I want to be able to show that,

\begin{equation} \sum_{p} \log(p) p^{-s} = s \int_{1}^{\infty} \frac{\theta(t)}{t^{s+1}} dt \end{equation} where $\theta(x) =\sum_{p \le x} \log p$. and $\theta(x) = O(x)$.

Using Abel's Summation formula, letting $a(n) = \log(n)$ and $\phi(n) = n^{-s}$,from the definitions here https://en.wikipedia.org/wiki/Abel%27s_summation_formula

I have,

\begin{equation} \sum_{1 \le p \le x} \log p (x^{-s}) - \int_{1}^{x} \sum_{1 \le p \le x} \log u (u^{-s})' du \end{equation}

Is this the right formula to use?


Yes, using the definition of theta function $\theta\left(x\right)=\sum_{p\leq x}\log\left(p\right) $ you have, using Abel summation $$\sum_{p\leq x}\frac{\log\left(p\right)}{p^{s}}=\frac{\theta\left(x\right)}{x^{s}}+s\int_{2}^{x}\frac{\theta\left(t\right)}{t^{s+1}}dt $$ and now, assuming $\textrm{Re}\left(s\right)>1 $, take the limit $x\rightarrow\infty $.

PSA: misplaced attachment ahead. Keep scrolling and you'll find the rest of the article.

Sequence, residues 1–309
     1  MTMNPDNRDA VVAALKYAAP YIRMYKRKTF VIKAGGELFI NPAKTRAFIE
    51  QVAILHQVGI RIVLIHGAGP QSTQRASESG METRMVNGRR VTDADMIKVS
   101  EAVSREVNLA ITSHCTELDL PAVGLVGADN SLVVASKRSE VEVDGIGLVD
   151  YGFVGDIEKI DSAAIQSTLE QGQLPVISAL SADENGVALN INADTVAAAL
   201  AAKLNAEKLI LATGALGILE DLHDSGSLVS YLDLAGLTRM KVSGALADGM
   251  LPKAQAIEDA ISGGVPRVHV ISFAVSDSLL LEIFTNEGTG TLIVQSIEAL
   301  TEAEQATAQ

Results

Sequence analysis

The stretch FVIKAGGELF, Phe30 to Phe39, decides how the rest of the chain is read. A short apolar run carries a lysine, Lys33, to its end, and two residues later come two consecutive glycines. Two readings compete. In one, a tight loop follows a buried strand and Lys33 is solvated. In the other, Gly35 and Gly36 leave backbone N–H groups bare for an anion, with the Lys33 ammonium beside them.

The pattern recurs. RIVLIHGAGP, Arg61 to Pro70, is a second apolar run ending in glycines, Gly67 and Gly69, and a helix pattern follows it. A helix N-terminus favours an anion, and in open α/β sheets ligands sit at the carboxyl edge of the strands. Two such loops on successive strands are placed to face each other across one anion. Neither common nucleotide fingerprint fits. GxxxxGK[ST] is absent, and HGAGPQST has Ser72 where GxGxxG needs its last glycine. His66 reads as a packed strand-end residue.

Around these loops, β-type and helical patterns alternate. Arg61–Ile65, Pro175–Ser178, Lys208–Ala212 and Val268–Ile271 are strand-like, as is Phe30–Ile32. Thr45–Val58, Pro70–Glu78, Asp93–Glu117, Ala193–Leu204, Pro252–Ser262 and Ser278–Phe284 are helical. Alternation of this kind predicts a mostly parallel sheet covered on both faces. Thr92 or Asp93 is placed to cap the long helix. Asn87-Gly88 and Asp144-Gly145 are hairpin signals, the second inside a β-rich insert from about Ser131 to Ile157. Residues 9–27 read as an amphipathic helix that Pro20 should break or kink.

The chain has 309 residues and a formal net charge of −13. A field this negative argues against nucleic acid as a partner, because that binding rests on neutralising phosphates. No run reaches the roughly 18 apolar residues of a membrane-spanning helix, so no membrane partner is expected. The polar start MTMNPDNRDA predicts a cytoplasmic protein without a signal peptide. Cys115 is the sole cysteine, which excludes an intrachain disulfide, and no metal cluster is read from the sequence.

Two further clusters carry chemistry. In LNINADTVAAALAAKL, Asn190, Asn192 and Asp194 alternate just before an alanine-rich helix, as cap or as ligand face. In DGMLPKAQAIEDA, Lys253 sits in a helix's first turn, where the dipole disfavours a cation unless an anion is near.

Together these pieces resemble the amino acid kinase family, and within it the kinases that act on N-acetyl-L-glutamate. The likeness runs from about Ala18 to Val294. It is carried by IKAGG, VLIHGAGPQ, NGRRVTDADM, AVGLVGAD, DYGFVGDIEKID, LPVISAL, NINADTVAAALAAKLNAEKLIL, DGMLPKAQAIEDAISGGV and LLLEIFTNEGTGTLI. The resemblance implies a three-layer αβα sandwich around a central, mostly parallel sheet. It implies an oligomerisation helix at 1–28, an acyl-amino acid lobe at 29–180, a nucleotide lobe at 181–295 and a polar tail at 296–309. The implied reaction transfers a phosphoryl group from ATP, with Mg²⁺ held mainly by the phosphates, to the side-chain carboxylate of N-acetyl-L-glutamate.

I think you meant to write $\theta(x) = \sum_{p \le x} \log \boldsymbol{p}$. Anyway, the derivation is actually rather straightforward.

Here is a useful trick. Let $\chi_{E}(x)$ be the function that is $1$ if $x \in E$ and is $0$ otherwise. Then you can write $$\sum_{p \le x} \log p = \sum_p \log p \chi_{[p,\infty)}(x).$$ Since everything is nonnegative you can swap summation and integral: $$ \int_1^\infty \frac{\theta(t)}{t^{s+1}} \, dt = \int_1^\infty \left( \sum_p \log p \chi_{[p,\infty)}(t) \right)t^{-s-1} \, dt = \sum_p \log p \int_1^\infty \chi_{[p,\infty)}(t) t^{-s-1}\, dt$$ where $$\int_1^\infty \chi_{[p,\infty)}(t) t^{-s-1}\, dt = \int_p^\infty t^{-s-1} \, dt = \frac{1}{s} p^{-s}.$$


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